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A new paper that confirms superconductivity at room temperature in wild, hydrogen-rich materials

The team of physicists released peer review results documenting superconductivity at room temperature in hydrogen-rich compounds of lanthanum hydride.

Researchers around the world are competing to produce materials that conduct electricity without losing their resistance at room temperature. (You can read about this fascinating effort and its history here.)

Most recently, scientists have focused on hydrogen fuel, a substance that is compressed between diamonds with a pressure similar to that found in the Earth's nucleus. This new paper has a temperature of -23 ℃ or technically the room temperature is set to -9.67 ℃ when the window is opened in the mid-western extreme vortex conditions.

In 1911, physicist Heike Kamerlingh Onnes discovered superconductivity in elemental mercury, which is almost non-absolute. Since then, scientists have been working to increase the temperature at which materials turn into superconductors, as these materials can deliver electricity cheaper and have important applications in medical and quantum computing.

Searches include the physicist's field of finding new properties of molecules that currently contain hydrogen or a large amount of hydrogen, such as hydrides, which are squeezed under high pressure at high temperatures.

The team, led by physicist Mikhail Eremets of the Max Planck Institute for Chemistry, has begun the latest race for high temperature superconducting hydrides in 2015. They published a paper about superconductivity discovery at 70 degrees.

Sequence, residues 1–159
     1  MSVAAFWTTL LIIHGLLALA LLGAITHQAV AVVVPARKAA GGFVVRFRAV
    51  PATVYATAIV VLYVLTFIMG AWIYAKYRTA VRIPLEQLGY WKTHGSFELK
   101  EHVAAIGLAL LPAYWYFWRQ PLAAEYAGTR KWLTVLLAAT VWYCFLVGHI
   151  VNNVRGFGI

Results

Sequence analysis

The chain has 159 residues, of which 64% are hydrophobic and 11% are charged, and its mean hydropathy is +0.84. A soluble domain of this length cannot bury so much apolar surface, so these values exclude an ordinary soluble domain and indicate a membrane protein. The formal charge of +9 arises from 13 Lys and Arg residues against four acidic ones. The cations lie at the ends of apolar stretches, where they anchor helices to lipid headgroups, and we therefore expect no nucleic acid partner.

In a recent paper, the researchers put a piece of lanthanum in an insulating ring and then put it in a box filled with pressurized hydrogen gas. They held the gasket between a pair of diamonds and continued to pull the diamond until the diamond surface pressed the desired surface with 2 million times the pressure. The laser then collides with the sample to form the hydrogenated lanthanum. Finally, they measure whether the material is actually made, in fact, a superconductor.

The researchers describe the two measurements in detail in this paper. One measures the resistance drop to zero at a temperature of -23 ° C. Other studies have found that the temperature drops when a magnetic field is present. It is a clue that the magnetic field actually measures the sample, not the problem with the experiment setup.

This newspaper first appeared in December. I included this paper on a deep dive on the subject. But now it has been published in peer-reviewed journals and has confirmed the results of the number of people hunting high-temperature superconductors. (Experiments are considered "hot" even if done in winter.)

This paper is an important event over warm temperatures. In the past, finding new superconductors required luck. This is because the temperature at which the material turns into a superconductor is difficult to predict. However, the theory of the recently discovered high-temperature superconductors is based on theory.

James Hamlin, a physicist at the University of Florida, wrote from a Nature standpoint: "This remarkable success in theory seems to be driven by innovative computation methods that were possible with the development of computing power."

I have more work to do. Superconductors prevent the magnetic field from passing through the magnetic field, a phenomenon called the Meissner effect. Scientists have yet to measure this effect in hydrogenated lanthanum. In addition, other teams around the world are working to find materials that convert to high-temperature or low-pressure superconductors and are suitable for use in modern technology.

Today, however, scientists seem to have a solid foundation to build.

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